THIRTY-FIRST SUNDAY IN ORDINARY TIME – YEAR C
The late Father Anthony DeMelo told the story of a cobbler who one day came to Rabbi Isaac of Ger and said, “Rabbi, tell me what to do about my morning prayers. My customers are poor men who own only one pair of shoes each, so I pick up their shoes late in the evening, and work on them most of the night. At dawn there is usually still much to be done if the men are to have their shoes ready before they go to work. What am I to do about my morning prayers?” “What have you been doing up until now,?” asked the rabbi. “Sometimes I rush through my prayers quickly, and get back to my work. But then I feel that I have been disrespectful of the Almighty. At other times, I simply let the hour of prayer go by. Then I feel an even greater sense of loss. But every now and then, as I raise my hammer from a shoe, I can almost hear my heart sigh. What an unlucky man I am, that I am unable to make my morning prayer in a fitting manner.” Rabbi Isaac thought for a moment, and then told the cobbler, “If I were God, I would value that sigh more than any prayer.”
The story illustrates the need everyone feels from time to time to take counsel, to seek out a sympathetic listener who can assist us in finding our way out of a crisis or dilemma. Rabbi Isaac embodies the two qualities we look for in a counselor: empathy and distance. He feels the urgency of the cobbler’s worry about prayer, yet he is far enough away from the problem to see it in perspective. In this case, the perspective to which the good rabbi gives voice is God’s. “If I were God,” he begins, and a way opens out of the harried cobbler’s predicament.
Today’s liturgy suggests that God, himself, is a bit like Rabbi Isaac, combining empathy and distance in his dealing with us. In the Gospel, Jesus shares Zacchaeus’ urgency about finding his way back to righteousness. The tax collector is short of stature, perhaps a bit overweight, with a twinge of angina now and again. And because his profession has necessarily put him at a distance from God, Zacchaeus is scared. We can almost see and hear him huffing and puffing, grabbing at bark and branches to find a perch from which he can get a glimpse of the prophet Jesus, and determine whether he can screw up enough courage to visit him privately.
Jesus senses Zacchaeus’ panic, and he addresses it in his summons to hurry down. Then comes the reassuring announcement that Jesus is clearing his calendar for the rest of the day, just so that he can attend to the distressed sinner. In response, Zacchaeus announces that he is going to divest himself of his ill-gotten gains as fast as he can. Again Jesus resonates to the urgency in his host’s voice, and states to the assembled audience, “Today salvation has come to this house.” Not only can we hear the angels rejoicing before God’s throne at one sinner who has repented, but we come away with the distinct impression that for one afternoon the business of ruling the universe came to a brief halt as Almighty God focused his attention on one tax collector sick with worry that he might die in his sins.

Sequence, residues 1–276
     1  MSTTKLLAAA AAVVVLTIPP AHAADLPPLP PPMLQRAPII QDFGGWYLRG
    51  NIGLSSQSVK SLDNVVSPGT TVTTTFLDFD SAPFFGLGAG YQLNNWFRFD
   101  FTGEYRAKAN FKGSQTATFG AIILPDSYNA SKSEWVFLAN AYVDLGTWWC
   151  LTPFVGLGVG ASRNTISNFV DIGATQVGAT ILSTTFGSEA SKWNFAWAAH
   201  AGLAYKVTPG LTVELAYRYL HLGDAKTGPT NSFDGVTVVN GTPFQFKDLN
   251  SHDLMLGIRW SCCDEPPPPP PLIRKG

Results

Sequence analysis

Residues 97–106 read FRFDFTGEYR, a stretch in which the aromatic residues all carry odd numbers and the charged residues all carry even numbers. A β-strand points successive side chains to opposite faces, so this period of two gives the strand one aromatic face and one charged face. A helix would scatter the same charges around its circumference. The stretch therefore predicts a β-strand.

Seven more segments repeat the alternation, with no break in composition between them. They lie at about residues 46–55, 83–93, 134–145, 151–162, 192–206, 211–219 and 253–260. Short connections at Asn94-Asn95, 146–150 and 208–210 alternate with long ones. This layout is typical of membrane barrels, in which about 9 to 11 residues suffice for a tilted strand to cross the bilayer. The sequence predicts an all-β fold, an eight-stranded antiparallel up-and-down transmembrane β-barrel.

Today the liturgy reminds us that our God, in the person of his Son Jesus, has entered into our humanity to share our feelings, our temptations, our struggles, even the burden of our guilt. He has lived as we live. He has fretted and worried and laughed, as we do. He can resonate to us when we are anxious, confused, disappointed, frustrated, grief-stricken, as well as when we are jubilant, overflowing with gratitude, self-confident, firm in hope, aflame with love. We can always turn to him knowing that he will understand us, just as Rabbi Isaac understood the cobbler. Even if we are afraid to approach him, he will seek us out the way Jesus’ glance searched the tangled branches of a sycamore tree until it discovered a man whose soul had become tangled in years of unholy living. And it will be as though God has no other business in the universe except to care for us, for you, for me.
But, of course, God does have other business in the universe. As the Book of Wisdom observes, “Before the Lord, the whole universe is as a grain from a balance or a drop of morning dew come down upon the earth… But you spare all things because they are yours, O Lord and lover of souls.” Our God calmly surveys human history from the vantage point from which he sees it in perspective. While Zacchaeus may have been sleeping uneasily because of his guilty conscience, God Almighty knows that he is not the hardest case ever. Far more hardened sinners have succumbed to his grace, and legions more will repent and find life. God knows that we are but dust, so he is gracious and merciful, compassionate to all his creatures.
Our God is both close to us and distant, intimately involved with each one of us, and yet independent. Yes, Rabbi Isaac was right on the mark – the sigh of one human being who longs for Him is the most powerful prayer of all. Such was that deep, final sigh of Jesus upon the cross, as he breathed his last for us, for Zacchaeus, for you, for me.